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How to Become a Barrister or Advocate in the UK

If you decide to become a barrister, the starting point is a degree. It can be a law degree or a degree in a different subject, followed by a law conversion course or graduate law degree – but a good grade is vital. After the degree, specific vocational qualifications and in-work training are then required to practise as a barrister or, in Scotland, an advocate.

The route to qualify as a barrister or advocate differs for each legal system in the UK. If you aren't yet sure if this is the legal career for you, see our page on the work of solicitors, barristers and chartered legal executives.

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Become a barrister in England and Wales • Become a barrister in Northern Ireland
Become an advocate in Scotland

Become A Barrister Or Advocate CROP

Becoming a barrister In England and Wales

The Bar Standards Board (BSB) regulates barristers in England and Wales; they decide what is required to qualify as a barrister and practise here.

Students will also need to join one of the four Inns of Court in London: these historic societies are responsible for 'calling' student barristers to the Bar. They also offer educational and financial support, including grants and scholarships – competition for these is fierce! Membership is for life, so choosing which Inn to join is an important decision. Each of the four (Lincoln’s Inn, Gray’s Inn, Inner Temple and Middle Temple) has its own character, and after qualification offers a professional and social network for its barristers.

There are three stages to qualifying as a barrister:

  1. Legal knowledge – law degree or law conversion course
  2. Vocational qualification – the BPTC
  3. In-work training – the pupillage

England and Wales: 1. Legal knowledge – a law degree or law conversion course

Usually the starting point for any legal career is a degree, whether a law degree or a non-law degree followed by a law conversion course or graduate law degree. A 'qualifying' law degree includes all the elements of legal knowledge specified by the regulating body. To find out more, please see our page on qualifying law degrees and law conversion courses. Graduates of these courses can progress into any legal career.

A degree is required to become a barrister – and good grades are vital. Students should choose a subject they think they’ll do well in. Although the minimum requirement is a 2:2 in a first degree, higher grades are more likely to lead to a pupillage, i.e. the in-work training required to qualify as a barrister.

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England and Wales: 2. vocational qualifications – Bar Professional Training Course (BPTC)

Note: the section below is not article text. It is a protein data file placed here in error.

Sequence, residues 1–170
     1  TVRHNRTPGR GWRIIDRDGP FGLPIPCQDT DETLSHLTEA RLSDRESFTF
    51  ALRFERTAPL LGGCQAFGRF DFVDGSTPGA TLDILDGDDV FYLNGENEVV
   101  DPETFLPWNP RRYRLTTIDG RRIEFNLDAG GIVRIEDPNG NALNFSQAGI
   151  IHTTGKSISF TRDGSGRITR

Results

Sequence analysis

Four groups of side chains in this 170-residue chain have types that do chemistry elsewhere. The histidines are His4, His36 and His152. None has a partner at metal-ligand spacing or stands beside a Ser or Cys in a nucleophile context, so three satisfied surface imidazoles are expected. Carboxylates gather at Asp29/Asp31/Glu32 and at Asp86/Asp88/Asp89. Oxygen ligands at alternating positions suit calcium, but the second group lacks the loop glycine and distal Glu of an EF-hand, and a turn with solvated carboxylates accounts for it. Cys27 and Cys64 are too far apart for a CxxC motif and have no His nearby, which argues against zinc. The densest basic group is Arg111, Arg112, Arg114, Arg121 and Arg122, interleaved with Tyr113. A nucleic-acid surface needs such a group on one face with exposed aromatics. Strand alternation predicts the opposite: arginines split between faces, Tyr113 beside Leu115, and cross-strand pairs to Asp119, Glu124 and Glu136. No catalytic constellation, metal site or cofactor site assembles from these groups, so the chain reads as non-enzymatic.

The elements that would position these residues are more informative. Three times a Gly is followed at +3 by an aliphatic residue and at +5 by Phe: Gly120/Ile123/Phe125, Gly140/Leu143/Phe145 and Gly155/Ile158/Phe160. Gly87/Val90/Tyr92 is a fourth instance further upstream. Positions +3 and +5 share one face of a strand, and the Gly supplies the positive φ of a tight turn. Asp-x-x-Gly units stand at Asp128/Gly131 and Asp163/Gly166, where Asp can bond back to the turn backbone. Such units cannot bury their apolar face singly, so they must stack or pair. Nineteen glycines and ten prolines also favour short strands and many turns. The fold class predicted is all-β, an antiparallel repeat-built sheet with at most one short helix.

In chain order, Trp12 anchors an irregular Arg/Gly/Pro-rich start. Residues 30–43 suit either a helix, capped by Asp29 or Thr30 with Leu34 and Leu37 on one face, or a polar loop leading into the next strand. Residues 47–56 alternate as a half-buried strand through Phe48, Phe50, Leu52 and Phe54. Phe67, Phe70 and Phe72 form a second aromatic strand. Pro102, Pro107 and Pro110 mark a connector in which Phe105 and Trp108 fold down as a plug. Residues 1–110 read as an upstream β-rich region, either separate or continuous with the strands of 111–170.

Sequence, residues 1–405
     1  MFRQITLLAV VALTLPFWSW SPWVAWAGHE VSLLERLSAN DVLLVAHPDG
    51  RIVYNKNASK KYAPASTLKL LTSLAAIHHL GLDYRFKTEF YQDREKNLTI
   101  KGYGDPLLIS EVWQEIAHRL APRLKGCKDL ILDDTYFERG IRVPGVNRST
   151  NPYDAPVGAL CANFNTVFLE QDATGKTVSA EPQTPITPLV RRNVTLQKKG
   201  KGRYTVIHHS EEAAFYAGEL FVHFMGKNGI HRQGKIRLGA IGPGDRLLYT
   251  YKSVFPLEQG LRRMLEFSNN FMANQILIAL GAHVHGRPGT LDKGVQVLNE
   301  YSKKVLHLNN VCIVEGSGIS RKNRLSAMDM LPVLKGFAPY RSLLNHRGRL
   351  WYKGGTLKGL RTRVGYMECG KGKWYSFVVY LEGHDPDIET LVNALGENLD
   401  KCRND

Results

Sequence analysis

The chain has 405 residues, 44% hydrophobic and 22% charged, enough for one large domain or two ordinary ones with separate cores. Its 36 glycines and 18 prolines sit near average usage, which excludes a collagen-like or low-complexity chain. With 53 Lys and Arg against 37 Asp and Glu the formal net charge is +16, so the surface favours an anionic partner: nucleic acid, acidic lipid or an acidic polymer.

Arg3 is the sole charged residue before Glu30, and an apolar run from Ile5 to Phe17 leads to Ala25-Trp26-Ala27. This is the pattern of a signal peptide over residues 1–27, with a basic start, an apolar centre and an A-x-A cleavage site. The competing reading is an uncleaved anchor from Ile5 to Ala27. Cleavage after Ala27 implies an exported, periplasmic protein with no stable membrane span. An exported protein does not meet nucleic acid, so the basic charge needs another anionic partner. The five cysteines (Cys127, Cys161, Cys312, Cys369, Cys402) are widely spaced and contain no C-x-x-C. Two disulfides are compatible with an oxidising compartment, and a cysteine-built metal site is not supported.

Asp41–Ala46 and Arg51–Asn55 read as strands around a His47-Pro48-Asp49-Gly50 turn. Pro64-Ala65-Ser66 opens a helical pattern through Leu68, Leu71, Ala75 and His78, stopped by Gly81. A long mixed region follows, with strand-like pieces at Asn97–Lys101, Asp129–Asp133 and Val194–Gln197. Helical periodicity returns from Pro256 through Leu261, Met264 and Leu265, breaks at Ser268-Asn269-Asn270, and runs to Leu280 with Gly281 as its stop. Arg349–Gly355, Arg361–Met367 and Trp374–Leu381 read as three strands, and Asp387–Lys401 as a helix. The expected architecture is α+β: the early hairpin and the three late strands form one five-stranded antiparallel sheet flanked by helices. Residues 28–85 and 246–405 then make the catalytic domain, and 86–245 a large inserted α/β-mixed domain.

Next, the BPTC gives a grounding in the practical work of a barrister. The BPTC must be started within five years of completing a qualifying law degree or graduate law conversion course. It is followed by pupillage, the final stage to become a barrister.

The Bar Standards Board have issued a Health Warning urging students to consider carefully before they start a BPTC to become a barrister. There is huge competition for pupillage places – and, after qualifying, for a tenancy in order to practise. BPTC applicants should carefully weigh up their chances of securing a pupillage.

What does the Bar Professional Training Course cover?

The course covers the core knowledge and skills required to practise as a barrister. Legal knowledge focuses on civil and criminal litigation (legal action) including evidence and criminal sentencing, plus professional ethics. Practical activities develop skills including advocacy (representing clients within courts or tribunals), writing and drafting (opinions, or binding legal texts), conference and negotiation skills. There are also elective options, depending on the provider.

Assessments in legal knowledge are examined centrally by the Bar Standards Board via multiple choice exams or, for professional ethics, short answer questions. Skills are assessed by the provider.

About BPTC Courses

BPTC providers are accredited by the Bar Standards Board. Currently there are eight providers, with some running the course in multiple locations. The BPTC takes one year if studied full-time, or two years part-time, and may be offered as part of another course such as the undergraduate Exempting law degree (please refer to our page on qualifying law degrees and law conversion courses) or as a combined LLM masters degree. The latter opens up the possibility of postgraduate loan funding, dependant on eligibility. The masters qualification in itself may not aid the student’s chances of a pupillage.